Finally, I want to address the issue with casual sex today. We are living in a society that accepts casual sex with valid consent is morally permissible. While it is nearly impossible to get valid consent in many situations and it is questionable that consent is morally transformative, casual sex is the norm, nonetheless. This acceptance has created a casual sex culture, a hookup culture in the U.S. popular in college societies.5 Hooking up is simply seen as a part of college and dating life today. In a study done by Hope Reese, she found that most students’ reasons for why they engaged in hookup culture was not to seek pleasure but social status.6 The biggest reason the students engaged in hookups was because they were trying to fit in and seek approval from their peers. If college students don't participate, they do not see an alternative for themselves; casual sex is the norm. When Reese asked her students why they engaged in hookups, their answer was so that they could “fit in.” If this is true, these students are not giving valid consent, they are being coerced. Promoting other ways to have relationships with others, Reese argues, is just as important as promoting safe, casual sex. Sexual liberation must be re-thought to include abstinence, chastity, the opportunity and choice to opt out of hookup culture without stigma, especially because so many problems lurk around hooking up. Reese argues that when we engage in hookups, especially college students, they are looking to connect with others. They want to love and be loved. Paradoxically, a hookup requires that one does not feel emotion. By including these extra categories in the idea of sexual liberation, by promoting more than just hookup culture, we can hope to see students who are actually treating themselves with respect and not just having sex to fit in.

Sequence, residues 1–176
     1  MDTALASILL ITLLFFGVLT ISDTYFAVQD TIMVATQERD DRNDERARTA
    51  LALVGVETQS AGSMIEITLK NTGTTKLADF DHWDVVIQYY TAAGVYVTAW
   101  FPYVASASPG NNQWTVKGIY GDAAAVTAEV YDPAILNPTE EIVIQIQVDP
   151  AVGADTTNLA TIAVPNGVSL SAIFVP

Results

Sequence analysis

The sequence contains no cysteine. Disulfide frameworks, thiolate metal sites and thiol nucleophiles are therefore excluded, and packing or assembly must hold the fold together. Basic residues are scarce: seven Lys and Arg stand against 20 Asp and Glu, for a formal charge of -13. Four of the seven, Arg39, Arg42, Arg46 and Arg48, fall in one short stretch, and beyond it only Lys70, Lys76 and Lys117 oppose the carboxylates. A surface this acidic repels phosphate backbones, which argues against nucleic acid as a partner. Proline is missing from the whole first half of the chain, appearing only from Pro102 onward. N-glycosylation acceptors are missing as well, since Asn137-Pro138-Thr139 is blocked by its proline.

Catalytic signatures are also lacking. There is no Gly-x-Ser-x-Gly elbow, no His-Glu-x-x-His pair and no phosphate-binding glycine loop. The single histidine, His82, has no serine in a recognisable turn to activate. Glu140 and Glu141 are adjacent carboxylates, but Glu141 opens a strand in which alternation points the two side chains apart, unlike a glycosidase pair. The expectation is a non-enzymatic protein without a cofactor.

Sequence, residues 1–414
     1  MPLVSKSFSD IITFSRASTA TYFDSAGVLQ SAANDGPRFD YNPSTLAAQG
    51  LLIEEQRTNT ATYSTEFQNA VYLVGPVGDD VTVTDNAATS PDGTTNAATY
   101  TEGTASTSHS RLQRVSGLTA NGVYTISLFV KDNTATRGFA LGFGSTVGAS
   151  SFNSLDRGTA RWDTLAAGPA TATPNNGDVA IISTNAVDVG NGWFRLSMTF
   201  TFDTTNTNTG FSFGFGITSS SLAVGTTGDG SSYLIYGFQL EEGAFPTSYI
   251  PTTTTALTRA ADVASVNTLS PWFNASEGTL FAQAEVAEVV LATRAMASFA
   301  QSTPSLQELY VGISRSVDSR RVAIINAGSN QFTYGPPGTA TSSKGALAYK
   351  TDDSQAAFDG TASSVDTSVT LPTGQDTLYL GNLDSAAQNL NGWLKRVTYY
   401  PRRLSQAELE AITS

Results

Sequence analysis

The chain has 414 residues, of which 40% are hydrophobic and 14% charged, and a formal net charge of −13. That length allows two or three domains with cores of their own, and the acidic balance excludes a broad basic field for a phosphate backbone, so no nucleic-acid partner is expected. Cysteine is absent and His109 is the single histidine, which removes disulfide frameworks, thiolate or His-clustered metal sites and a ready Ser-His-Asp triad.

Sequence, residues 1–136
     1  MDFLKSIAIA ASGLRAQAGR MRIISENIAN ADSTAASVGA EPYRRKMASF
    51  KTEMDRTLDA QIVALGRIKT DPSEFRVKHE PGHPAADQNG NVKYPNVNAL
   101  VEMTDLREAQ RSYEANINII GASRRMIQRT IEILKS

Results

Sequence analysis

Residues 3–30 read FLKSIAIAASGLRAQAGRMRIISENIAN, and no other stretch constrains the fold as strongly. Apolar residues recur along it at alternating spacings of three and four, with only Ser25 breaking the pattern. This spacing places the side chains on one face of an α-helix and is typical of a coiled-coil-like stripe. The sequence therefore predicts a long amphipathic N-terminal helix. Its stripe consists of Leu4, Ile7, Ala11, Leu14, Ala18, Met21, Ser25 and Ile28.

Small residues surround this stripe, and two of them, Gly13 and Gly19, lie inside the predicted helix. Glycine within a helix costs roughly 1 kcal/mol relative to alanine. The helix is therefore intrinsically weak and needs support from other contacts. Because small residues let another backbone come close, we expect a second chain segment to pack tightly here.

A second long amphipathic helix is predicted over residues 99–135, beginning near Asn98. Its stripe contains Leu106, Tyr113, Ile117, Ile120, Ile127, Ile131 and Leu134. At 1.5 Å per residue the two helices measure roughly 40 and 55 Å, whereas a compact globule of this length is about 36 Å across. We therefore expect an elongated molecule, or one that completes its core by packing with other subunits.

Attitudes towards hookup culture as sexual liberation among college students has largely been static in the U.S. for some time.7 These attitudes of accepting casual sex as the norm needs to change. It is not the only way for people to connect and casual sex also simply has too many problems with it. The hoops one would have to jump through to get valid consent alone should deter anyone from engaging in it, and it is not even clear it is morally transformative. Consent is not all that matters, ‘yes’ does not always mean ‘yes’. Accepting casual sex as the norm also has negative effects on society. Sexual liberation’s definition today too rigidly constricts many into believing that it is the only way to connect with others and it must be expanded to include other forms as well.


  1. “Casual Sex, Promiscuity, and Objectification”, Raja Halwani. The Philosophy of Sex: Contemporary Readings 7th ed.
  2. “Sexual Morality and the Concept of Using Another Person”, Thomas A. Maps. The Philosophy of Sex: Contemporary Readings 7th ed.
  3. Kant, Immanuel. 1785. “First Section: Transition from the Common Rational Knowledge of Morals to the Philosophical”, Groundwork of the Metaphysic of Morals.
  4. “The Ethics of Sexual Objectification: Autonomy and Consent” Marino, Patricia. Inquiry
  5. Garcia, J. R., Reiber, C., Massey, S. G., & Merriwether, A. M. (2012). Sexual Hookup Culture: A Review. Review of general psychology : journal of Division 1, of the American Psychological Association, 16(2), 161–176. doi:10.1037/a0027911
  6. The Atlantic, 'Coercion and Conformity and Despair': A Feminist Critique of Hooking Up, Hope Reese
  7. ‘Are claims associated with the "hookup culture" supported by general social survey data?’, Monot MA and Carey AG.